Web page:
Crowdfunding Success and Failure & Reality

“You might think you have the best product going but the open market decides that.” – Robert Herjavec, Multimillionaire and Shark Tank Investor

We all know the numbers by now – roughly 65% of all crowdfunding campaigns fail.

According to Kickstarter the day I wrote this article – their published success rate is just 36.65%

Indiegogo doesn’t publish their stats but it’s commonly accepted that their success rate is 10% for flexible funding campaigns and 17% for fixed funding. That’s even worse, right?

Numbers don’t lie; Achieving crowdfunding success is harder than trying to climb a greased-up flagpole.

There are lots of determining factors behind why some crowdfunding projects succeed while most fail. Let’s focus on the single most important factor:

A sufficient number of people like what you’re doing and want to help you make it.

How does one go about attracting backers to a crowdfunding campaign in sufficient numbers?

Crowdfunding promotion services.

When you advertise a crowdfunding campaign you give that crowdfunding project a chance. That’s because your crowdfunding campaign has no chance to succeed if nobody hears about it.

With effective crowdfunding PR and powerful crowdfunding campaign promotion people get the news. The word spreads. Buzz is created (pun intended).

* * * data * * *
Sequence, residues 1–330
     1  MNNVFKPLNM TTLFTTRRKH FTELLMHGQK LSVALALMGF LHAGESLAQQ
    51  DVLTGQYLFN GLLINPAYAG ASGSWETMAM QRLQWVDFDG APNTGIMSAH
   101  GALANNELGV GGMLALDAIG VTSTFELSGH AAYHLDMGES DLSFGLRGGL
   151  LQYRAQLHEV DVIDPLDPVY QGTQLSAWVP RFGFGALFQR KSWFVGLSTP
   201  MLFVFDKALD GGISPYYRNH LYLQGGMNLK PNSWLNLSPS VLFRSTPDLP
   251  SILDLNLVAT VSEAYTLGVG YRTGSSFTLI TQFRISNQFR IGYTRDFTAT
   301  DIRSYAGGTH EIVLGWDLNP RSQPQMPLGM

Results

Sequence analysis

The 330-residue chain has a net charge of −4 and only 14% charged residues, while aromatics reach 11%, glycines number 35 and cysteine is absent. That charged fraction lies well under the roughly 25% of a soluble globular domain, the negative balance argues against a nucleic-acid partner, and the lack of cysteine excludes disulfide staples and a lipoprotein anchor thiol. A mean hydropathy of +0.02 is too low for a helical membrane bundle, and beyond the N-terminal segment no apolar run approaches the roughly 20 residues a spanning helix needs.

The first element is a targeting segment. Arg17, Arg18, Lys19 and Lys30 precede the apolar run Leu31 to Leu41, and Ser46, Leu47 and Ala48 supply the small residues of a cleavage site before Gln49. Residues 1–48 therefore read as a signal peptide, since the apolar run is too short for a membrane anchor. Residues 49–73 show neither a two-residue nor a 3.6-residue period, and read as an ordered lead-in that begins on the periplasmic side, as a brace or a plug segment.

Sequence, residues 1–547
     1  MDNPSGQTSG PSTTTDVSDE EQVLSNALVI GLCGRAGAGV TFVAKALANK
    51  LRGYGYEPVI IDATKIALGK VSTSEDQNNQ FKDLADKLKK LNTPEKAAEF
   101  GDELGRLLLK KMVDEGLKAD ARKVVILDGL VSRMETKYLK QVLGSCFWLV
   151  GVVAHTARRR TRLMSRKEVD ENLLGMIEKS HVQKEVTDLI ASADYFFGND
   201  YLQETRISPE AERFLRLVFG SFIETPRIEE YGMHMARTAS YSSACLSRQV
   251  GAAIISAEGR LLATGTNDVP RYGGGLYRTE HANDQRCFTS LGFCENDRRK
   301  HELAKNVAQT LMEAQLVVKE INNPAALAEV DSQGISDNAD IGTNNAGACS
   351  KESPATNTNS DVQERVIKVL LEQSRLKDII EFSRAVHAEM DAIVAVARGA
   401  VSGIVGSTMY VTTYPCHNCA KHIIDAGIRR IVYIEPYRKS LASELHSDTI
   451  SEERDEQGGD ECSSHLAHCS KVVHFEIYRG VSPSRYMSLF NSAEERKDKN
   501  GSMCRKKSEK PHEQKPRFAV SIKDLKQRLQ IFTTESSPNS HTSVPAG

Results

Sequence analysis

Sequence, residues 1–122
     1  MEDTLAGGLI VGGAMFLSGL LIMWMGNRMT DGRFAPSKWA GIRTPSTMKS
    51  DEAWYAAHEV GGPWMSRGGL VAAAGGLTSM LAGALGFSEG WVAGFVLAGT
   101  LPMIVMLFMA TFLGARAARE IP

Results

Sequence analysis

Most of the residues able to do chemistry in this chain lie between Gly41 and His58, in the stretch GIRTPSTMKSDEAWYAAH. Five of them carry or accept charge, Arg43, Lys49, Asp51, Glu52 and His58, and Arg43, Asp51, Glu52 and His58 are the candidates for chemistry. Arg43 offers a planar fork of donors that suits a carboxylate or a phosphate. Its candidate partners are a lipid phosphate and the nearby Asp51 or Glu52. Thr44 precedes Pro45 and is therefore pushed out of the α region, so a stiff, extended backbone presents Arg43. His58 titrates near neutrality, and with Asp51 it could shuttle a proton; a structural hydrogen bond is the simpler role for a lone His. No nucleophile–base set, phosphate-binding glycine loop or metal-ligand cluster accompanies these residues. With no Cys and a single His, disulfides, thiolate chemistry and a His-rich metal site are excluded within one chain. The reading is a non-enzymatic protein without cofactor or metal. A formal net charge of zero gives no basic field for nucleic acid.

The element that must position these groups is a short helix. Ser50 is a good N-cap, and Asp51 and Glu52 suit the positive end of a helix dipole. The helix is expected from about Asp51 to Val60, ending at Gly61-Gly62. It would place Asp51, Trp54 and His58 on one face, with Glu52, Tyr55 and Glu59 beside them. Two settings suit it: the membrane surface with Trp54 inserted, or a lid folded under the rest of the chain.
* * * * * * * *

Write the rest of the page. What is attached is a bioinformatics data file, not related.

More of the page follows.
And when enough people hear about a crowdfunding campaign they get curious. Some of them get curious enough to go see what all the fuss is about and check out the project for themselves. That’s how you get crowdfunding campaign traffic.

Once you get lots of eyes on your crowdfunding project, enough of those eyes needs to tell the brain that what they’re looking at is something cool. Something interesting. Something they want or need.

That’s when you get crowdfunding campaign backers…

They want that pair of Oculus 3D glasses. Or that Pebble Watch.

They WANT a smart kitchen appliance that automatically sends an alert to their phone when they’re running low on rice.

They want the best darned BBQ sauce ever to grace a slab of ribs.

And that’s also why potential crowdfunding backers DON’T back a particular crowdfunding campaign; they don’t want it.

Bloggers and journalists who decide to pass on your press release have a similar feeling; they aren’t interested and don’t think their audience will be either.

This is perhaps one of the harshest realities any entrepreneur can face and we’re often given the thankless task of explaining this bad news to some of our clients.

We touched on this precise topic in this crowdfunding blog back on October 21st (See Crowdfunding Tips: Reaching a Crowdfunding Audience) The crowdfunder I’m describing here is the category one crowdfunder – as explained in the article.

The category one crowdfunder just can’t accept the facts of life with crowdfunding failure. They’ll blame the platform (Indiegogo isn’t popular enough, Kickstarter ignored me), they’ll blame the PR firm or crowdfunding digital agency (my marketing sucked – I’m gonna KILL Howard over at Crowdfund Buzz) or they blame the public at large (too many people are too stupid to understand how cool this is…) They’ll look for blame for their crowdfunding campaign failure everywhere except where they need to; in the mirror.